January is loaded with flag flying dates, when we add in statehood days, dates those states are invited to fly their U.S. flags.
In January, the U.S. Flag Code urges citizens to fly flags on these dates:
- New Year’s Day, January 1, a federal holiday
- Martin Luther King’s Birthday, a federal holiday on the third Monday of January; that date is January 18, in 2014; King’s actual birthday is January 19, and you may fly your flag then, too
- Inauguration Day, January 20, the year after election years (next one in 2017)
- January 2, Georgia Statehood Day
- January 3, Alaska Statehood Day
- January 4, Utah Statehood Day
- January 6, New Mexico Statehood Day
- January 9, Connecticut Statehood Day
- January 26, Michigan Statehood Day
- January 29, Kansas Statehood Day
You may fly your flag any other day you wish, too; flags should not be flown after sundown unless they are specially lighted, or at one of the few places designated by Congress or Presidential Proclamation for 24-hour flag flying. According to Wikipedia’s listing, those sites include:
- Fort McHenry, Baltimore, Maryland (Presidential Proclamation No. 2795, July 2, 1948).
- Flag House Square, Albemarle and Pratt Streets, Baltimore, Maryland (Public Law 83-319, approved March 26, 1954).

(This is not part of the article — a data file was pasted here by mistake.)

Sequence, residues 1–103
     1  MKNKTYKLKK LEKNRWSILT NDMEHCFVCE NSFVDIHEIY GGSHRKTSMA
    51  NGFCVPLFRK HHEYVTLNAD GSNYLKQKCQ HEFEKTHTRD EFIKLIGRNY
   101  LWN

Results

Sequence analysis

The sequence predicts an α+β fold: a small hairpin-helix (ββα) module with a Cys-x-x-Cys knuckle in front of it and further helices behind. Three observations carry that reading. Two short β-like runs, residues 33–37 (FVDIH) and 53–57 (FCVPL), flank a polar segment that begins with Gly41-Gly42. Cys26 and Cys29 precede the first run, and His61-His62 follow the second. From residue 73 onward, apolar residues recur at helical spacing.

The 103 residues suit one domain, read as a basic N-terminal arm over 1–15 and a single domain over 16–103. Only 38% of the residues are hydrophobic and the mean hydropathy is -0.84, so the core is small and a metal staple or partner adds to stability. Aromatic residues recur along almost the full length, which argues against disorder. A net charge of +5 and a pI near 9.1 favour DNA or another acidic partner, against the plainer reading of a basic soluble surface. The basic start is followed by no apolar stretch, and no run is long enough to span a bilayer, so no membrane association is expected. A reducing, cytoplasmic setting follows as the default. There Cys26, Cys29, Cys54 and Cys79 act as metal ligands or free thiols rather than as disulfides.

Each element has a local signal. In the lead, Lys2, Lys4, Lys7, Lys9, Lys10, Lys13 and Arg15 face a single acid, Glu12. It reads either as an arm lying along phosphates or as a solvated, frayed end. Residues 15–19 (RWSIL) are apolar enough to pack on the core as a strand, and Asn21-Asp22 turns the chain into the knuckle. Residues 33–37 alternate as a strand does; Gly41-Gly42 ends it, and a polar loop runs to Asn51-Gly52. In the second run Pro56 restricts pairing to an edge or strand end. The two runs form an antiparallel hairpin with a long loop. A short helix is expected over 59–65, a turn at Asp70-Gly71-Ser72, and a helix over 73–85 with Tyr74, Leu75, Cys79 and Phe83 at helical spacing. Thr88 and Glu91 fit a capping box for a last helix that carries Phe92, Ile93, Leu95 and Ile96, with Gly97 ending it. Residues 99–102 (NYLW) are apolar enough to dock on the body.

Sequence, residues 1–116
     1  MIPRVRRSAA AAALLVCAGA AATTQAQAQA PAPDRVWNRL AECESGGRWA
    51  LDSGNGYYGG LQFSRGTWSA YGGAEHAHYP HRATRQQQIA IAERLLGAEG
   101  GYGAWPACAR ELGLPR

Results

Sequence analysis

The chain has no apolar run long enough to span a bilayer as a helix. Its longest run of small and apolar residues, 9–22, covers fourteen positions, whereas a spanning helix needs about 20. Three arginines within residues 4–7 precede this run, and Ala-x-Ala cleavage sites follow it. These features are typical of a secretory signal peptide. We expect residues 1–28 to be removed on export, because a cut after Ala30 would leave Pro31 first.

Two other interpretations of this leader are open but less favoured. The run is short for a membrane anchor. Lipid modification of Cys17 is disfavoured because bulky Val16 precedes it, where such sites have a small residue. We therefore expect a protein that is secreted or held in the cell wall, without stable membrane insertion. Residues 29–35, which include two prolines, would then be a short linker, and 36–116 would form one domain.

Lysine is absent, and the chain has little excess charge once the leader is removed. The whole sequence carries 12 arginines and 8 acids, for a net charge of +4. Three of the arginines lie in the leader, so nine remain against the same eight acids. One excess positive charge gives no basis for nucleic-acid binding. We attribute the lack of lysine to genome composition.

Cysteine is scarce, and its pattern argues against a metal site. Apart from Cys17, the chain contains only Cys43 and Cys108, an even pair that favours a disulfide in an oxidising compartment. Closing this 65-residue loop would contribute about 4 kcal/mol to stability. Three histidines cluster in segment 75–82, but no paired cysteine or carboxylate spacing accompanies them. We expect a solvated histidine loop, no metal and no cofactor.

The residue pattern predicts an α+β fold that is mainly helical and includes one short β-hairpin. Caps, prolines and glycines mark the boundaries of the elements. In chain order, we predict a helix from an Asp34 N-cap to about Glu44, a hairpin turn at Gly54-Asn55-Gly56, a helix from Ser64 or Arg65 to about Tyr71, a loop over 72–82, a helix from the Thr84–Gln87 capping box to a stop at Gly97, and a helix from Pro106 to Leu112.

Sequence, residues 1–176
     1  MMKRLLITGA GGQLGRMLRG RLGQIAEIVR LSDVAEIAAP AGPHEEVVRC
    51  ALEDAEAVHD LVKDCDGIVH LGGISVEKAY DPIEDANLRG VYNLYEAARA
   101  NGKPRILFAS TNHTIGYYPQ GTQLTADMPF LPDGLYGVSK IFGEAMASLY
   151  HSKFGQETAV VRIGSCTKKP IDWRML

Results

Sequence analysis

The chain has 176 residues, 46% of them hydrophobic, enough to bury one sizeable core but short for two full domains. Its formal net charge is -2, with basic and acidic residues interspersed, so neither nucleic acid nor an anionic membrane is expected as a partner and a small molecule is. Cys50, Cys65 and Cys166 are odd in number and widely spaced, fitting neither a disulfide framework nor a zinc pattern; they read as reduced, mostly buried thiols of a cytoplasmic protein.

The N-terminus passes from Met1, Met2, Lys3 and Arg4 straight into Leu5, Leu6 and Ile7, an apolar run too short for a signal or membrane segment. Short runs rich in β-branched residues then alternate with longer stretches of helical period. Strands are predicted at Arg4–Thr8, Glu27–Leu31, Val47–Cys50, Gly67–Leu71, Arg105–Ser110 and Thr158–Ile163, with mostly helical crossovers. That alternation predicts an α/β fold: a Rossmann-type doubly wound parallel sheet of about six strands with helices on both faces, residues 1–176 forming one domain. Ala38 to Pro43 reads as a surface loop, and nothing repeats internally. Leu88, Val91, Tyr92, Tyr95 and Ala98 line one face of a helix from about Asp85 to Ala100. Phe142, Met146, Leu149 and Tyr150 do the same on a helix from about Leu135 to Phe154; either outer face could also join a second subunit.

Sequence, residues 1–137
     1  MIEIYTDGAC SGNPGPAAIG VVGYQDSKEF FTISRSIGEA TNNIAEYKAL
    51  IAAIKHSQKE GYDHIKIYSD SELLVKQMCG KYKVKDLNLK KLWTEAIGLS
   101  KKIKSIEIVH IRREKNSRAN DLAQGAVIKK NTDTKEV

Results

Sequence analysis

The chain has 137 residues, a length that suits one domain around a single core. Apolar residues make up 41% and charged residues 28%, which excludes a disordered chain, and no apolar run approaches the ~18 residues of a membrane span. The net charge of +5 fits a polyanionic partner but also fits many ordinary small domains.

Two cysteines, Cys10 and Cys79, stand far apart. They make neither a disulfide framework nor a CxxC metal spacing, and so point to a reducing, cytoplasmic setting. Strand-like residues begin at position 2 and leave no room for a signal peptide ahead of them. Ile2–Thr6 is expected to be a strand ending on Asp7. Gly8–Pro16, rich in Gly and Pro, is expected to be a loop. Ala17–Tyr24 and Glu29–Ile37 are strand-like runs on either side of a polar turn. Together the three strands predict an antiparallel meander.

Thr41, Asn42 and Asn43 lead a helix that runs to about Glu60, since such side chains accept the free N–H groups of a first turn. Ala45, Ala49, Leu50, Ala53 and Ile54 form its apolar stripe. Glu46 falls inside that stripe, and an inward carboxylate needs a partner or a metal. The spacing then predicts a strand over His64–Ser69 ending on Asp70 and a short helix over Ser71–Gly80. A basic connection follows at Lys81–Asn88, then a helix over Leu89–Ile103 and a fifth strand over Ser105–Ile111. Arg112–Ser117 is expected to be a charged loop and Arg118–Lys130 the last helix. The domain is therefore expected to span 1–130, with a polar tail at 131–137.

- Marine Corps War Memorial (Iwo Jima Memorial), Arlington, Virginia (Presidential Proclamation No. 3418, June 12, 1961).
- Lexington Battle Green, Lexington, Massachusetts (Public Law 89-335, approved November 8, 1965).
- White House, Washington, D.C. (Presidential Proclamation No. 4000, September 4, 1970).
- Washington Monument, Washington, D.C. (Presidential Proclamation No. 4064, July 6, 1971, effective July 4, 1971).
- Any port of entry to the United States which is continuously open (Presidential Proclamation No. 413 1, May 5, 1972).
- Grounds of the National Memorial Arch in Valley Forge State Park, Valley Forge, Pennsylvania (Public Law 94-53, approved July 4, 1975).